Attorney General Yehuda Weinstein, the government’s legal adviser, has also criticised the proposal, saying it weakens the state’s democratic character.

Last week, Justice Minister Tzipi Livni managed to postpone an earlier attempt to put the proposal to the vote.

The two versions of the bill which were to be put to ministers on Sunday represent a nod from Netanyahu to the most hardline elements of his party as talk grows of an early election.

But the final version of the text is likely to be more moderate, predicted Denis Charbit, a political scientist at Israel’s Open University.

“This is a political charade. Netanyahu knows that voting on an unacceptable bill which has been criticised by the government’s legal adviser is extremely problematic,” he told AFP.

“The text proposed by Netanyahu is more moderate but it is still problematic because he disassociates the Jewish character from the democratic character of the state and this institutionalises a hierarchy between them, to the detriment of democracy.”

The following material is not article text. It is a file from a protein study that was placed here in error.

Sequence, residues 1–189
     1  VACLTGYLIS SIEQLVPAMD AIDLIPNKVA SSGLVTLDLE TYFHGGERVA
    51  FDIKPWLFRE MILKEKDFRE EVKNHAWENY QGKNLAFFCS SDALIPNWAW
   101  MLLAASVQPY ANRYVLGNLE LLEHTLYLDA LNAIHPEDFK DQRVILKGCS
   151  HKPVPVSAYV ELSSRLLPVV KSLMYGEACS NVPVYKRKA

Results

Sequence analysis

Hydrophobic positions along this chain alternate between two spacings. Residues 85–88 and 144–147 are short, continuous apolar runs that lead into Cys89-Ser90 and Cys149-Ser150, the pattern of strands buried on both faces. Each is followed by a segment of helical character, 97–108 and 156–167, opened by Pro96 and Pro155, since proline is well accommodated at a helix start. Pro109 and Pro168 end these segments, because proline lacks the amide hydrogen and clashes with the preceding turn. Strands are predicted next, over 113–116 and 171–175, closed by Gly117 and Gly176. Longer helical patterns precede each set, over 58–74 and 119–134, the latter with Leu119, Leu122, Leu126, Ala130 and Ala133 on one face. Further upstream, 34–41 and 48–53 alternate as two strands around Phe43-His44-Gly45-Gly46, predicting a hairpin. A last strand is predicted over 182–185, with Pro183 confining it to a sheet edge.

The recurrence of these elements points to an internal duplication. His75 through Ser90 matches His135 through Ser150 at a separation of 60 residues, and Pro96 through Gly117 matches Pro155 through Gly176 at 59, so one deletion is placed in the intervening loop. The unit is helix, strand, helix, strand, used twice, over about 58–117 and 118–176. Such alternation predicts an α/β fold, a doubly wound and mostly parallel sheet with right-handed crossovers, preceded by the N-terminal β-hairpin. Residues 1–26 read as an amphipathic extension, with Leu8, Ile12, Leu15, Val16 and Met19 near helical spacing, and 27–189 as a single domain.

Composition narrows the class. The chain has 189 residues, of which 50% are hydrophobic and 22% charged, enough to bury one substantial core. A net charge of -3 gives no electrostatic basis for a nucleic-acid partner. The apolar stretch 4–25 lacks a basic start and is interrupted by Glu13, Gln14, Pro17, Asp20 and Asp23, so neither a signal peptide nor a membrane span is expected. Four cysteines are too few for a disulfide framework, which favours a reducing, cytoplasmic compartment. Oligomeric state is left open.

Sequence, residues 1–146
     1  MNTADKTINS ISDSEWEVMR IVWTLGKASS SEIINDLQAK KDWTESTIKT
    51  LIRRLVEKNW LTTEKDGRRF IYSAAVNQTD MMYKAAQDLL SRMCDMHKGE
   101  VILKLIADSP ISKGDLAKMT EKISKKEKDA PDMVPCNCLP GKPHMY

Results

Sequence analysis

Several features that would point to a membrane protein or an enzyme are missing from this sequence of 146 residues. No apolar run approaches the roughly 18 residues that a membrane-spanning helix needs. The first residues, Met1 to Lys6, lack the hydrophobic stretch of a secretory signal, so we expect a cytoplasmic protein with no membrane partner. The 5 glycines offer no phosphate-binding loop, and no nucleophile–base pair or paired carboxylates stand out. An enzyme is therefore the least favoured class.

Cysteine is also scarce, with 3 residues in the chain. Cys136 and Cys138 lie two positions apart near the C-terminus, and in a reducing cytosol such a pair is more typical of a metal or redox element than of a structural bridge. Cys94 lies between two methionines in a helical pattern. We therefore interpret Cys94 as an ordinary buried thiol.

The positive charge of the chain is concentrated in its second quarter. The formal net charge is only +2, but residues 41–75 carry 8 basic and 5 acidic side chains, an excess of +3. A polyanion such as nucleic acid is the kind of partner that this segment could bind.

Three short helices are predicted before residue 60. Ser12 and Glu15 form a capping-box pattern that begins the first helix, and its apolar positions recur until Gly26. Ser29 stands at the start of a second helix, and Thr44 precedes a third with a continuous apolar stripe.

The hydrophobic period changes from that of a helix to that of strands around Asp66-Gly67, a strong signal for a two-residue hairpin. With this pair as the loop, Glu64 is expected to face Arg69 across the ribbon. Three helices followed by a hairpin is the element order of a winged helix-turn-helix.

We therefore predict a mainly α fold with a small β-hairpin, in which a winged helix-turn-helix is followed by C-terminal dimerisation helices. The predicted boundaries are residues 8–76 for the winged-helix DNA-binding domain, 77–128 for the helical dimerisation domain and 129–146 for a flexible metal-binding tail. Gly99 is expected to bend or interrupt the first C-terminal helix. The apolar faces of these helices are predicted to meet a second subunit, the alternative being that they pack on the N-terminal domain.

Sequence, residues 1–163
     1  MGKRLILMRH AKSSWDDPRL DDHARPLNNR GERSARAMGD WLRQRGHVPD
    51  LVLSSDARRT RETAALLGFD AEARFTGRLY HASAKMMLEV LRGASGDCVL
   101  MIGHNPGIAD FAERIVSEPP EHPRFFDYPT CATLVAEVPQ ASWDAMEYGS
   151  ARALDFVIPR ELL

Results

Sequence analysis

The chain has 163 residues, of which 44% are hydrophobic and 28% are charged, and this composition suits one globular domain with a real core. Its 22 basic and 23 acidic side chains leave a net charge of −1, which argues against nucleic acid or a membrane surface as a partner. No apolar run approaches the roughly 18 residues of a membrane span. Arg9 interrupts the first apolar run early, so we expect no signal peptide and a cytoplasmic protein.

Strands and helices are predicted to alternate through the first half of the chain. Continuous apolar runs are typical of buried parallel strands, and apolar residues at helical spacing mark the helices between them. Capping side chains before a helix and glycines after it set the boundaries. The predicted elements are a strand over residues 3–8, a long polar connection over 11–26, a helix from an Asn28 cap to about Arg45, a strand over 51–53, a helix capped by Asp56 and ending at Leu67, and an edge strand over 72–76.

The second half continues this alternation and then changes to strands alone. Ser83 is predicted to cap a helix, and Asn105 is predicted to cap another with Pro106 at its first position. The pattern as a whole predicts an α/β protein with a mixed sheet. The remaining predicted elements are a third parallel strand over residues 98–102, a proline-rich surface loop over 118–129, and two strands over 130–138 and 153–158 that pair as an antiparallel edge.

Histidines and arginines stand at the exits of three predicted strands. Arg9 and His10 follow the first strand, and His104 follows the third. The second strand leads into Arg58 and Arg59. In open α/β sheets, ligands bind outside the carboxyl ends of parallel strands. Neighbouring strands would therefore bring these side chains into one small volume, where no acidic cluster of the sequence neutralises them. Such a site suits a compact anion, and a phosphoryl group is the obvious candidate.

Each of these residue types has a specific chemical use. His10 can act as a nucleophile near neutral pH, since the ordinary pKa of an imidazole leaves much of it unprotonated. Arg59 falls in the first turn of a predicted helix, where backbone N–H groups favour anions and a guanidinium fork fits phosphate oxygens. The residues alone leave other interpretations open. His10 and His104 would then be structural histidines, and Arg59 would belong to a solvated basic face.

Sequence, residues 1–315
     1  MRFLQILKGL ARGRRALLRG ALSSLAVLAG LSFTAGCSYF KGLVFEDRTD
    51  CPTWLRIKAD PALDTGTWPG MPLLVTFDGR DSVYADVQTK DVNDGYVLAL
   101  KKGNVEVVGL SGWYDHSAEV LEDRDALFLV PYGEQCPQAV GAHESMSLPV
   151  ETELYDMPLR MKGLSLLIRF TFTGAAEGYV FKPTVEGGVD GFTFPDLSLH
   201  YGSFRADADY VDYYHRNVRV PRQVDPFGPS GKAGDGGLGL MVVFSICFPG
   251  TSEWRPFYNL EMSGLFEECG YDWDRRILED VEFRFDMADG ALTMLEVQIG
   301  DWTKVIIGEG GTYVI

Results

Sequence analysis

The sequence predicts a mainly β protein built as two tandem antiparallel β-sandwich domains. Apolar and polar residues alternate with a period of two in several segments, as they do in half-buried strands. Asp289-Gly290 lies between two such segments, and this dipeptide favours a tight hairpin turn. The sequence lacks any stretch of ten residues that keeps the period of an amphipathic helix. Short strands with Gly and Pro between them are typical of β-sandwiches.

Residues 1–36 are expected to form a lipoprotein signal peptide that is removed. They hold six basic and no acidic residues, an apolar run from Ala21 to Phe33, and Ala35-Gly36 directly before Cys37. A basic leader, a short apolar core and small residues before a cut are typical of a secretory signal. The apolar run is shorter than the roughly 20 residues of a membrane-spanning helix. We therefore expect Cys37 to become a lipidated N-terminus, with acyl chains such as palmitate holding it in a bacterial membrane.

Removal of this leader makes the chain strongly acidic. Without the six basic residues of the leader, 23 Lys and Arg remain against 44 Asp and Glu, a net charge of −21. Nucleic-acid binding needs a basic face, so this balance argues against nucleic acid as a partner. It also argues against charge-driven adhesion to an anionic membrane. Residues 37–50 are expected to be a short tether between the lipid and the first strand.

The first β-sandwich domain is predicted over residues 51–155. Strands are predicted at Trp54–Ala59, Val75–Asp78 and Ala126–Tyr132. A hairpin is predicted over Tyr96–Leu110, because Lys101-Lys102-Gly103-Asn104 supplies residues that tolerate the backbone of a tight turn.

Parliament is to vote on a preliminary draft of the bill on Wednesday, the Haaretz newspaper reported.

 18 
 on: Nov 23, 2014, 07:28 AM 
Started by Steve - Last post by Rad
An Ethnic Chinese Christian, Breaking Barriers in Indonesia

By JOE COCHRANE
NOV. 22, 2014
IHT

JAKARTA, Indonesia — Jakarta, the sprawling Indonesian megacity of 10 million people, has a new governor with a difference.

It’s not just Basuki Tjahaja Purnama’s hard-charging style that sets him apart from his predecessors. It’s also the fact that he is Christian and ethnic Chinese, and is improbably running the capital of the world’s most populous Muslim-majority nation.

Mr. Basuki, a 48-year-old Protestant whose grandfather was a tin miner from Guangzhou, China, was sworn in Wednesday at the State Palace by President Joko Widodo.

None of Jakarta’s previous governors have been Christian or of Chinese ancestry, except for one who served briefly as an appointee half a century ago (like Mr. Basuki, he was both). And despite Indonesia’s history of discrimination — and, at times, savage violence — against ethnic Chinese, Mr. Basuki says he considers neither his faith nor his ethnicity to be a political handicap.